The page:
As the rates of diagnosis continue to rise and the unique talents specific to the ASD community emerge from new research, TCC holds both opportunities and mandates from the community. As an example, a software developer with one kind of creative thinking may design an application for modern efficiency. That program must be “de-bugged.” This is a specific skill that may seem dull to a neuro-typical programmer. Yet, this is a task that appeals to many on the autism spectrum. It provides for the comfort of routine (the same daily task) and plays to the ASD ability in unique pattern recognition. Hiring and supporting the ASD worker in just this one field benefits the business community by increasing the talent pool. A small number of adults with ASD are currently succeeding in solid, six-figure salary jobs in data analytics, programming, research and myriad other STEM-related fields. In discussion with these successful people, one will hear of the mentor or supportive person who helped the now successful employee understand corporate culture and communication and manage daily interactions. TCC can begin this process as the support service provider.

TCC exists as a “student-ready” college. The smaller class sizes and more individualized instruction offered at TCC make for the smoothest possible transition into higher education for the very capable, but sometimes distracted, ASD student. Once students experience success in higher education and earn transfer credits or the certifications needed for meaningful employment, TCC graduates emerge prepared with skill sets for university culture or workplace success—with skills that seem “just in time” for the digital revolution. There also is a need to train “success coaches” to work with employees with ASD as more Fortune 500 companies are recognizing the talent pool and seek qualified work coaches to provide support.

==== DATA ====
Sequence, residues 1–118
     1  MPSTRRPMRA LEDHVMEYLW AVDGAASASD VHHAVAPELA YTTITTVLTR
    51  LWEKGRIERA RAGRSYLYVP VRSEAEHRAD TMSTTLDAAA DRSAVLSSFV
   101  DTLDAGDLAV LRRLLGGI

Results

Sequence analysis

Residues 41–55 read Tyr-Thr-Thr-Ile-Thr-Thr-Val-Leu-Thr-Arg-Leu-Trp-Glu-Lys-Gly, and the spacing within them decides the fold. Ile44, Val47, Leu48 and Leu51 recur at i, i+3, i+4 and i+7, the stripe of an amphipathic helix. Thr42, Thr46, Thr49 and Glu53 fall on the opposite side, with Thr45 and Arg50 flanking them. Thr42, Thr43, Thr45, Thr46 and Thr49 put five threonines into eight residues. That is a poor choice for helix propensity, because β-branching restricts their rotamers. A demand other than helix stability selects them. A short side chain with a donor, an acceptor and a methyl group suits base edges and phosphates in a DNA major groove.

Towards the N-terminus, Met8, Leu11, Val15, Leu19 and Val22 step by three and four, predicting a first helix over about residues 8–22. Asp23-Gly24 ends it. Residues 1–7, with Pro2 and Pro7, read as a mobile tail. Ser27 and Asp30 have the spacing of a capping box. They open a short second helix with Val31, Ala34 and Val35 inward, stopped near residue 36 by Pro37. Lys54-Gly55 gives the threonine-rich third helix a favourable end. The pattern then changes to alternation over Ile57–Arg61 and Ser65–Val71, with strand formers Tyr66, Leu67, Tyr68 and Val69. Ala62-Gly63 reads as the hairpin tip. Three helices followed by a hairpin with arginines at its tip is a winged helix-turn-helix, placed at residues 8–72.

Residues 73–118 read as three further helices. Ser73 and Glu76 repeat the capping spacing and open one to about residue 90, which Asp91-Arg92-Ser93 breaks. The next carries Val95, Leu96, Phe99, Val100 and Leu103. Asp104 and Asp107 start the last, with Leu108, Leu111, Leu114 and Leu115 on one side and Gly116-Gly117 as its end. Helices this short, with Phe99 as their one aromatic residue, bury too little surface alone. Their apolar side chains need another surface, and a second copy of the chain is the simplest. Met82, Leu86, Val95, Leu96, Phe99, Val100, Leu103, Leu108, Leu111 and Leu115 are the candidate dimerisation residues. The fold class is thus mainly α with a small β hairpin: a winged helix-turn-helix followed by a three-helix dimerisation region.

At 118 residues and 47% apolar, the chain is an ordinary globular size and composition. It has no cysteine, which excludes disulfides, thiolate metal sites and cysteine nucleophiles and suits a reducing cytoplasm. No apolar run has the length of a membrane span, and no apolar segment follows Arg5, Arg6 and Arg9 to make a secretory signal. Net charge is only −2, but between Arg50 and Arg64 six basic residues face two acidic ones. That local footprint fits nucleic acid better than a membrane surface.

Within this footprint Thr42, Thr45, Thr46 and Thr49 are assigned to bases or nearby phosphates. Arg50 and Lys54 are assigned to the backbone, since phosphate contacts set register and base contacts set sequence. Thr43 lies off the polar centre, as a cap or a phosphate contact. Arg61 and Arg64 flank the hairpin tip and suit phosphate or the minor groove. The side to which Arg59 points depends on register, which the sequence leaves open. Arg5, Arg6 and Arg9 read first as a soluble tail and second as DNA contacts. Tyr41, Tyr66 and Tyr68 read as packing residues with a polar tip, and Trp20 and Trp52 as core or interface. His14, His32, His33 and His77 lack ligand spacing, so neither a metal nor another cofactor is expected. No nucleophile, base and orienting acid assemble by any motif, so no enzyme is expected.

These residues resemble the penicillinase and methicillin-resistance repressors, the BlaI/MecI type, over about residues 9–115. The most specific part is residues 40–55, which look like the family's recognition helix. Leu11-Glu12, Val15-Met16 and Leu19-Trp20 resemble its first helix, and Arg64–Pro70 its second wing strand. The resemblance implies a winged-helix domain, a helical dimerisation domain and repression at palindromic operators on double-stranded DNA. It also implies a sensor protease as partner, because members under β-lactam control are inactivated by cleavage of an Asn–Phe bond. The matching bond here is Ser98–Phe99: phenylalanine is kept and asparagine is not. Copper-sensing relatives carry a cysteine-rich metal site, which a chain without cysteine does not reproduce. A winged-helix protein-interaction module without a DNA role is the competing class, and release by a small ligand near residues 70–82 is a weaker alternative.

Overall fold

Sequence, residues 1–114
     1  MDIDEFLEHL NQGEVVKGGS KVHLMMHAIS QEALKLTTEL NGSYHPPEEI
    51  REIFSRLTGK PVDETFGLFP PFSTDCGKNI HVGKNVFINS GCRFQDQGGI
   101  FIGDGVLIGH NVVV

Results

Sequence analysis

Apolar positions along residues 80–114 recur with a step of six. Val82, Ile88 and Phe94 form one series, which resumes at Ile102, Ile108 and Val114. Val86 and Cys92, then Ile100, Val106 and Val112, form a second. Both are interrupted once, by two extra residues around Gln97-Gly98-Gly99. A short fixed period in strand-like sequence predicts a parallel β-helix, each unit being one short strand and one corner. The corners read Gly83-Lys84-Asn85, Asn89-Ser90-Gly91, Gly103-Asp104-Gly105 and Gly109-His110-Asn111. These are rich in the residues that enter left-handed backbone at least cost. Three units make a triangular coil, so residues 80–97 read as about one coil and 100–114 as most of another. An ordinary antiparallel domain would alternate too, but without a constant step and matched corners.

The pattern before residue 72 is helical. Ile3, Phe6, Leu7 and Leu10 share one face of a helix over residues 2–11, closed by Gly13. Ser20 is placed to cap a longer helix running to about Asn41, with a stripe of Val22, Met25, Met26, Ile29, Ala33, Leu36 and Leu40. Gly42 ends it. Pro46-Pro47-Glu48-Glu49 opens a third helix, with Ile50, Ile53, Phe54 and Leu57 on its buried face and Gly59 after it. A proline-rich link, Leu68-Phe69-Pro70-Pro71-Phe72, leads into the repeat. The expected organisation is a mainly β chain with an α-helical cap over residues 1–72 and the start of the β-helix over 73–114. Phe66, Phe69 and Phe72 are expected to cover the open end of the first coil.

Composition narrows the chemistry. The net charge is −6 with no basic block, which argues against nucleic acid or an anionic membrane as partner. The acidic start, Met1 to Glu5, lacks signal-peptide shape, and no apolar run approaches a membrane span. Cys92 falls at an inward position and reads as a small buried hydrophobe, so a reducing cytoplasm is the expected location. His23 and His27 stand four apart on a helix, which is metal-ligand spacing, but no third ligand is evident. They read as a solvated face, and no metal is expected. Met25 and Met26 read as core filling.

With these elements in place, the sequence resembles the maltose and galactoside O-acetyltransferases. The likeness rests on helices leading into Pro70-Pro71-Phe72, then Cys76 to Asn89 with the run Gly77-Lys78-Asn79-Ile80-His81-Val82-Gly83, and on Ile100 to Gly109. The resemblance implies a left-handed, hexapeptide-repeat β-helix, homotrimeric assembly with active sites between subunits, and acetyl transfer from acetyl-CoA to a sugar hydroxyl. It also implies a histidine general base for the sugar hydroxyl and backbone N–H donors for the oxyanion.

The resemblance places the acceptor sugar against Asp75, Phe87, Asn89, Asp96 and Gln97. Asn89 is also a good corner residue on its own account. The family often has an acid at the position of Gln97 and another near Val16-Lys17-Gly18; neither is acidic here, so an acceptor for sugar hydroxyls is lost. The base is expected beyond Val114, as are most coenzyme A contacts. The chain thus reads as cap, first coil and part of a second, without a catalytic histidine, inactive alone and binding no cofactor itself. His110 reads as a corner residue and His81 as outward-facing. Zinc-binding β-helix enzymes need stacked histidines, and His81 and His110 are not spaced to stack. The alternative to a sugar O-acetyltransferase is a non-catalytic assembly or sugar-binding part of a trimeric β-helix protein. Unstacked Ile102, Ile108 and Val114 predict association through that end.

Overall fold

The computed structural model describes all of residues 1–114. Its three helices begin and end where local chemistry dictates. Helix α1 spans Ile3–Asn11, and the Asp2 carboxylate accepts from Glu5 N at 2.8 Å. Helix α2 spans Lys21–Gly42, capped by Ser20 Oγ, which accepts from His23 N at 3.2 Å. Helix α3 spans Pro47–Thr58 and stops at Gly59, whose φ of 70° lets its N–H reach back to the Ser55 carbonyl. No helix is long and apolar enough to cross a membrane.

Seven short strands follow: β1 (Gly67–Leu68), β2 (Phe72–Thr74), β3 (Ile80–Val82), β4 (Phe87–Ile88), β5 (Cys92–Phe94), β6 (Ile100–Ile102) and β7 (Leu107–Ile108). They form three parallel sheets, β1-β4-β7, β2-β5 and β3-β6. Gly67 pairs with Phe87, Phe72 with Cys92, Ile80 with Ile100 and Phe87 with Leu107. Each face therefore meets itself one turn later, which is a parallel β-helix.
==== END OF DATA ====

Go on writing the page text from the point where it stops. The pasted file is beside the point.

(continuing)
To ignore ASD potential and the need for STEM graduates in such a quickly growing population damages our community. It seems STEM-capable students miss out on the pathways to adulthood their peers enjoy once they leave the protective bubble of high school. As a global economic powerhouse, we are doubly missing out as well. Instead of earning the credentials they need to contribute to the tax base with well-paying jobs, many young adults with ASD draw on social service safety nets, never gaining the pride of self-sufficiency their peers experience as they venture into the work world. The cost to Medicaid for a citizen with ASD is shockingly six times higher than for similarly aged young adults. In 2005, the CDC reported average expenses of $10,709 for every client with ASD vs. just $1,812 for those without.5 There also is a moral mandate—people living with high-functioning ASD have suicide rates nine times higher for men and 13 times higher for women.6 The psychological boost afforded to contributing members of society who feel accepted by peers can negate the dismal statistics. But we must act.

The choice seems easy. Education provides for equity when proper supports are in place. Education leads to meaningful contributions in the workforce. Without targeted support in higher education, life prognoses seems grim: unemployment, dependent status and wasted potential.

In reality, America can’t really afford to lose 50,000 high-potential graduates every year when our STEM need is so high. We must begin the work before we lose the market to countries who utilize the skills of every citizen, not just those who fit the desired mold.

The solution begins now.

Learn more about TCC’s Autism Spectrum Disorder Program.

  1. “2018 Skills Gap in Manufacturing Study.”, 2018.
  2. Jaslow, Ryan. “Autism Rates Rise 30 Percent in Two-Year Span.” CBS News, 2014.
  3. “Data and Statistics on Autism Spectrum Disorder.” CDC, 2019.
  4. Anne Roux, et. al. “National Autism Indicators Report: Transition into Young Adulthood.” Drexel University 2015.
  5. “New Data on Autism.” CDC, April 2019.
  6. Kirby, Anna, “A 20-year Study of Suicide Death in a Statewide Autism Population. Autism Research, 2019.